I would like to apologize to anyone who might have been inconvenienced by my recent absence from the office. I’m now back at full strength and intensity.
I would also like to thank all who extended condolences, prayers and good wishes. Indeed, it has been a sobering experience dealing with my father’s illness and eventual death. The traditional mourning process continues to be cathartic and healing. It has given my siblings and me a chance to reflect on the past and evaluate our priorities.
It also gave me time to ponder our healthcare system and how it failed both my now deceased parents. I hope to use this insight to encourage reform.My parents were luckier than most. They had my sister, brother and me as advocates. And, in our system, people need such advocacy. Our system is set up such that one’s healthcare team does not interact or communicate with one another to the benefit of the patient. My siblings and I tried to serve in that role and, even with great effort, too often were stymied by the system.
A few years ago, a Cardiologist in Florida, where my dad lived until 10 months ago, told him that he should have an angiogram in order to evaluate his aortic valve for possible replacement. I took over, since I know some of the best cardiologists and surgeons in the world. I brought him up to Columbia’s non-invasive valve program for evaluation. He needed a change in his medication. He never needed the angiogram or the valve, although his insurance would have covered both. There are so many other examples, too numerous and frankly too painful to recount.
People, especially as they age, get trapped in a system that is ever-increasingly run by third parties such as Medicare and insurance companies who look at numbers rather than individuals. What is “covered” rather than what is “needed” is often what is performed. Insurance companies often dictate which brands of medication and even the types of dental appliances should be used.
Younger people are becoming accustomed to this barometer of healthcare. They might never have experienced another way; where a doctor (a trusted advisor) was able to do what is best for an individual without being micromanaged. Remember Marcus Welby and Dr. Kildaire?
One of the things I decided during the past few weeks is that I will do everything I can to fight, what I believe is, a deteriorating system.
First, I will immediately start advocating on your behalf with the rest of your healthcare team. From now on, when you come to MDH for your examination, the findings of that examination will be forwarded to you and your healthcare team members. We know that gum issues, muscle, TMJ, airway disturbances and other oral issues impact the rest of your body through inflammation, your ability to chew, get proper nutrition and even get enough air into your lungs. From now on, your physicians will be told what they should have been asking you or me all along; namely “How’s your mouth?” They will get a report similar to ones they get when they refer you to any other medical specialist from us.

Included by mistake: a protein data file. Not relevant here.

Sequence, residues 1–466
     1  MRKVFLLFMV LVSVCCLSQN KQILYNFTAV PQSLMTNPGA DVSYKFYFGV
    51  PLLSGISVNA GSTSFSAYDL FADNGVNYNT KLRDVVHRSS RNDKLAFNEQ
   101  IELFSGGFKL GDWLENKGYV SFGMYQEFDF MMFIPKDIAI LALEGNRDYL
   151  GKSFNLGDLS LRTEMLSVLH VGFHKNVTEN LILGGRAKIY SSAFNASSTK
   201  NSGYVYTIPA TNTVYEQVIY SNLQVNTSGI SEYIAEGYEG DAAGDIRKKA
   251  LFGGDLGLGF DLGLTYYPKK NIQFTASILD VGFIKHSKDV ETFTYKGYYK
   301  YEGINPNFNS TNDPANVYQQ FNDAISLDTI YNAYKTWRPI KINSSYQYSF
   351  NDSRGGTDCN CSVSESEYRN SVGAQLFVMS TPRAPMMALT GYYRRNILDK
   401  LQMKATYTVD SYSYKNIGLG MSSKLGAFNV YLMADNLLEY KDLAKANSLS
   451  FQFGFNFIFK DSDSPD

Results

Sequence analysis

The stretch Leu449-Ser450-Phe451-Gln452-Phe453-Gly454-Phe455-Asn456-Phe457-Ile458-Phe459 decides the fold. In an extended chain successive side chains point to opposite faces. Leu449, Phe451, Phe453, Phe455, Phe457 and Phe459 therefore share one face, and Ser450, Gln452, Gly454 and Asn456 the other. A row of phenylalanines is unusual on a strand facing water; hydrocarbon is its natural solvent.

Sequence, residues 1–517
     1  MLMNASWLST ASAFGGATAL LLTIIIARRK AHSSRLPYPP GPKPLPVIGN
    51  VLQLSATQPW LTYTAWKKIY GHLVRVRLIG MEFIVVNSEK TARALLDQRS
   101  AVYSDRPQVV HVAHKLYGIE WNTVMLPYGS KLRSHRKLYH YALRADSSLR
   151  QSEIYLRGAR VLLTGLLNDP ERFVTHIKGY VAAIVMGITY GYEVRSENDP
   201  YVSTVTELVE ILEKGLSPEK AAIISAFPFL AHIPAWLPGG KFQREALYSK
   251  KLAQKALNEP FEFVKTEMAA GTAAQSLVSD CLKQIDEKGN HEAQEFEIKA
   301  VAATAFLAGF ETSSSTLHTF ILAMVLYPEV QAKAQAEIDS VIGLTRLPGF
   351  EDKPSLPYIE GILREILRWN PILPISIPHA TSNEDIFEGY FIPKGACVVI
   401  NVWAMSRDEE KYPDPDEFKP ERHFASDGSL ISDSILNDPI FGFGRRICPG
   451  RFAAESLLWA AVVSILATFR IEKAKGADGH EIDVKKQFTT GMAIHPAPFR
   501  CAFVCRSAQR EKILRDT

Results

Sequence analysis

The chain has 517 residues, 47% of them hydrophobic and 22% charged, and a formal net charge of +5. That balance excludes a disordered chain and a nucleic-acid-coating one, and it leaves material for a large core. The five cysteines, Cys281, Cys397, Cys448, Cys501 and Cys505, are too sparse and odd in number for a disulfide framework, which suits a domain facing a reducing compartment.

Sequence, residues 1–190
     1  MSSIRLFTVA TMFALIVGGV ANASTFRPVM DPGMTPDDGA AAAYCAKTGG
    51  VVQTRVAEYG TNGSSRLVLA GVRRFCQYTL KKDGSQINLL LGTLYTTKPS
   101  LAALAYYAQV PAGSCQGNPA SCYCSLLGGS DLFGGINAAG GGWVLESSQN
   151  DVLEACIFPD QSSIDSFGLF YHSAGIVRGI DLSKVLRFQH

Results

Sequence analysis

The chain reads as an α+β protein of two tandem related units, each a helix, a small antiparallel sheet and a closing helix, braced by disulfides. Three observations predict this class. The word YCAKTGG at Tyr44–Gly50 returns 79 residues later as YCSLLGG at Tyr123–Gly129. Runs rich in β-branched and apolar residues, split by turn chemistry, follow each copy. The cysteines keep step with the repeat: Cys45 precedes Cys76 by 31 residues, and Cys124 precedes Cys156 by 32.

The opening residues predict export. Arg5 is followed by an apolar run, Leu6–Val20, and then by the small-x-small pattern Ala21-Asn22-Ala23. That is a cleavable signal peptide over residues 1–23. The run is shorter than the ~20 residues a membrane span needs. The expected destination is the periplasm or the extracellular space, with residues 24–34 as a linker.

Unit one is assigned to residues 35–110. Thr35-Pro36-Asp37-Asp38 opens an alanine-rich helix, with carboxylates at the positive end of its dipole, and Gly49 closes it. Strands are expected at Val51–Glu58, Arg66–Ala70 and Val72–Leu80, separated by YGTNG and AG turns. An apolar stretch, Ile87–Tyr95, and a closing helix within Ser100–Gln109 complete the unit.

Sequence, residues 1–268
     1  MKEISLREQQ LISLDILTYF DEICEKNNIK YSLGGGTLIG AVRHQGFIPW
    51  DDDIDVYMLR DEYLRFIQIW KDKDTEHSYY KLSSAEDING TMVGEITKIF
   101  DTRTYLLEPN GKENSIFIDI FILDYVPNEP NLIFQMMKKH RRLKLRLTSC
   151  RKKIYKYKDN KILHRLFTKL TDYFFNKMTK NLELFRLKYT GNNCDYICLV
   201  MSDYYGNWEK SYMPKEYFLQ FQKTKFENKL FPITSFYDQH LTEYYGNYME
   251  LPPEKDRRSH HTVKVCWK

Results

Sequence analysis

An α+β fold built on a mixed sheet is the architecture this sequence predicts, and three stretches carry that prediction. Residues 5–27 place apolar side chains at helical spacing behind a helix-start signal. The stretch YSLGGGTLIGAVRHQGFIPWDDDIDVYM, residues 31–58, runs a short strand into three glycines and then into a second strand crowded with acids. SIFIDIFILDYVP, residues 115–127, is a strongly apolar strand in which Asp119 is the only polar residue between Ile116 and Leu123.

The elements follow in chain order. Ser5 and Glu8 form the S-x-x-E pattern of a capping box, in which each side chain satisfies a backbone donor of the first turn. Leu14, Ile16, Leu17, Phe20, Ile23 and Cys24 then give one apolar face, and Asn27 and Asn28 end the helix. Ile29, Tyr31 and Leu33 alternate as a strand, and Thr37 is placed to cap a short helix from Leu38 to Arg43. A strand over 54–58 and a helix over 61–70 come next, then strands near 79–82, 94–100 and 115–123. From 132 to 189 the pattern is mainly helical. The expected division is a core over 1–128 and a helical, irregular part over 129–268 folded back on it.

Second, I will be changing the gist of the lectures I give at conferences. While I was eulogizing my father, I was supposed to be giving a lecture in Orlando about how to run a successful practice. While other dentists look to me for advice on how to run a “smooth” practice process, I am most proud of the kind of personal, individual attention and caring that we try to provide each and every person who places their trust in us.
In the future, through my lectures, I will be advocating to other dentists for such a practice. It’s rapidly disappearing and if those of us who appreciate its benefits don’t speak up, who will?
Third, I offer you and those you know and care for my advocacy. If you know of anyone who is having a dental issue, even if they are not our patient, please provide them with my email address. I will gladly provide them with sound advice. I just want to help people avoid issues that can cost them their hard-earned money and their health.
I will always miss my dad, I remember him daily and am thankful for and cherish everything he and my mom continue to give me.
To everyone’s good health and wellness,